To say we at Udacity are huge fans of Affectiva CEO Dr. Rana el Kaliouby is a serious understatement, so it was with great delight we discovered she feels the same way about us! In advance of her appearance at our Intersect 2017 conference, I had the opportunity to talk with Dr. el Kaliouby. We discussed her motivations for participating in the conference, Affectiva’s mission to bring emotional intelligence to the digital world, new career opportunities in AI, and more.
When I asked about her connection to Udacity, she was quick to label herself an advocate. She highlighted our mission of democratizing education, and cited her own life and career as an example of why personalized learning opportunities at a global level are so important:
With Udacity, people all over the world, with different backgrounds, different interests, different objectives, are able to receive a personalized education experience. I come from the Middle East. I’m Egyptian. I firmly believe that the solution to this region’s problems is access to education, and it’s not going to come from traditional schools. Technology is going to be a big part of the solution, and this is why I’m a huge advocate of Udacity.
Dr. Rana el Kaliouby’s career narrative begins in Cairo, where she earned her Master in Computer Science from the American University in Cairo. From there she went to Cambridge, and earned her Ph.D at the Computer Laboratory of the University of Cambridge. Then it was on to MIT, where she became part of the Affective Computing group at the MIT Media Lab. This ultimately led to her co-founding the company where she is now CEO, Affectiva.
As pioneers in the field of what Dr. el Kaliouby terms “Emotion AI,” Affectiva is at the very forefront of a technological movement that will dramatically reshape the future of technology and employment, and which stands to redefine how humans relate to—and work with—both machines, and each other. In a blog post at the end of 2016, she described Emotion AI in this way:
Emotion AI, short for artificial emotional intelligence, underscores that machines, like humans, need emotional intelligence to be most effective. This is especially true today in a world where technology is becoming more and more conversational, perceptual and relational.
The good news is that there is SO much work to be done! AI is very quickly becoming mainstream, the employment landscape is a green field, and Udacity students are at the forefront of these technologies.
One of the most interesting things to consider is that, as we see continued growth in “conversational interfaces,” these interfaces are going to need more and more specialized skills. Many bots, for example, are built to be “assistants,” but if you’re going to rely on them, you need to be able to “trust” them, so what does this trust relationship look like in this new paradigm? This is one example of why we’ve put our Emotion SDK and APIs out there for free, because we want to see what people will build, and we want them to be able to prototype rapidly, as they pursue new ways to emotion-enable their digital experiences and their products.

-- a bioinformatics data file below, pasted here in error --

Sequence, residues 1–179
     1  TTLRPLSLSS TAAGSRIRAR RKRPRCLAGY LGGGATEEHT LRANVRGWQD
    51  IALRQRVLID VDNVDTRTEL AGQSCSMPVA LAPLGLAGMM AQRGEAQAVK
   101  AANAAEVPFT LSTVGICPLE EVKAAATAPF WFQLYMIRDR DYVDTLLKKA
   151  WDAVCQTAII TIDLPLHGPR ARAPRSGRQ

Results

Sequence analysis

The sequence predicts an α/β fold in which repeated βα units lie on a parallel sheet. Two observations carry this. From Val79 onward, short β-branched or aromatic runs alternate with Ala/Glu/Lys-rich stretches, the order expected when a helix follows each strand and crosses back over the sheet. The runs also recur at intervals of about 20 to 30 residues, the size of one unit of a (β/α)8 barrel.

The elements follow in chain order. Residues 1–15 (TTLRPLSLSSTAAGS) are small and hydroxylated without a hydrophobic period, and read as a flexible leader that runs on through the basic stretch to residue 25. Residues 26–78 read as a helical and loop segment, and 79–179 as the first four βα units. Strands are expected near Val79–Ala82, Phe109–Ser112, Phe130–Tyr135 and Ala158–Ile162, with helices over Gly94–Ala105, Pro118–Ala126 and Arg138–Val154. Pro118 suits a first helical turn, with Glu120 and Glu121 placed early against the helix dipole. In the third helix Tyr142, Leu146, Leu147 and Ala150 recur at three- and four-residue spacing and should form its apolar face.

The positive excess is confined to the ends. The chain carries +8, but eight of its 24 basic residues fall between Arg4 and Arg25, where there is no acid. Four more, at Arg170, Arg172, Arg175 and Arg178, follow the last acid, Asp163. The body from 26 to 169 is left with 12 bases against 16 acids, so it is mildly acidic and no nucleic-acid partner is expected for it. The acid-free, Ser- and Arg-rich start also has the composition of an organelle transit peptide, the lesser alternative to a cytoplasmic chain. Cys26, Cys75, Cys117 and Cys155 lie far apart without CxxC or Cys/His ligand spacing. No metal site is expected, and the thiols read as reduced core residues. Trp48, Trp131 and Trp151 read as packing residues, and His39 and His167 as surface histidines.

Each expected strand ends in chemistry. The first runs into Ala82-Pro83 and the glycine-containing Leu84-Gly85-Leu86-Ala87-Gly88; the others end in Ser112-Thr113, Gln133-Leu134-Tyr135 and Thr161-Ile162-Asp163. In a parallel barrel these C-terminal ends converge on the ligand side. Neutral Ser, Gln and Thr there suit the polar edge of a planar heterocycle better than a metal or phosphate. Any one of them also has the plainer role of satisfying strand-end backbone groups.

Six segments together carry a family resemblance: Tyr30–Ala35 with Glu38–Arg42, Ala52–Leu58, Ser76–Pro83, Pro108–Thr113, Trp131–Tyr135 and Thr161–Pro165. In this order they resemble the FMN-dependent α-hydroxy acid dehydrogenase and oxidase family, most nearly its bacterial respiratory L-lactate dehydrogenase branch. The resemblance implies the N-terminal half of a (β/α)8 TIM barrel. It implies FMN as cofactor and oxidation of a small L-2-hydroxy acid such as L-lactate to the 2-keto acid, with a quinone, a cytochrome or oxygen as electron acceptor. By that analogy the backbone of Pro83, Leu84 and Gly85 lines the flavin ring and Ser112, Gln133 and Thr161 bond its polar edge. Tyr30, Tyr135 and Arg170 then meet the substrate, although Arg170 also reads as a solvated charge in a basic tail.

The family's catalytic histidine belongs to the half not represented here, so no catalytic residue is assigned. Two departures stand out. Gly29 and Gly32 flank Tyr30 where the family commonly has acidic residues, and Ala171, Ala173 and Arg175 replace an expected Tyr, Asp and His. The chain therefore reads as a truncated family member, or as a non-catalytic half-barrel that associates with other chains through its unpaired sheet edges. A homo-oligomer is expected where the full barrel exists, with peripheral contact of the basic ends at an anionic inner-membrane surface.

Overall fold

Making their SDK and APIs free to developers, and to any company that earns less than a million dollars a year, is just one example of their globally-minded evangelism; the company has also organized its own hackathon, hosted the first-ever online Emotion AI Developer Day, and sponsored other hackathons around the world.
As we moved further into discussions around global opportunity, we talked specifically about diversity—its importance, and its impact:
With our SDK, for example, it may be the same for everyone, but what gets built is always going to be a little different, and different developers around the globe are going to see things differently, and have different ideas. We live in a global world, and being a part of diversity is both a privilege and a responsibility, and we need to push to be a part of diversity, not fear it.
Dr. el Kaliouby also explained that even as we’re moving towards deep learning, the work is still just as human intensive—choosing data, making decisions on how to train data, what to train for, what the ethical implications are, and more. She noted that in the field of Emotion AI, “our algorithms are actually more accurate when we can train using diversity.”
I asked Dr. el Kaliouby about the role an organization like Udacity can play in promoting diversity, and preparing aspiring learners from different backgrounds and locations for careers in these exciting new arenas:
I really see Udacity as a critical reskilling platform in the context of AI’s impact on the employment landscape. If I’m a truck driver, for example, I can see that in 5 years I might not be able to be a truck driver anymore, but I can also see how I can use my experience, combined with new skills, to become a really important part of a team that’s working towards automating trucking services.
In particular we talked about the extent to which passion, motivation, and independent initiative play a role with regards to the kind of talent Affectiva is on the lookout for:
We certainly look for knowledge and depth of experience, but passion and motivation are equally important, and Affectiva is definitely on the lookout for people who have these qualities; we want to meet them, engage with them, and find ways to work together.
It is almost impossible to express how excited we are to have Dr. el Kaliouby at Intersect 2017. Her vision is both technically advanced and philosophically nuanced. Her work is groundbreaking, and her impact unmistakable. With a conference theme focused on Learning for the Jobs of Today, Tomorrow, and Beyond, Dr el Kaliouby is an absolutely ideal speaker, and we know with certainty every attendee will come away motivated, moved, and informed.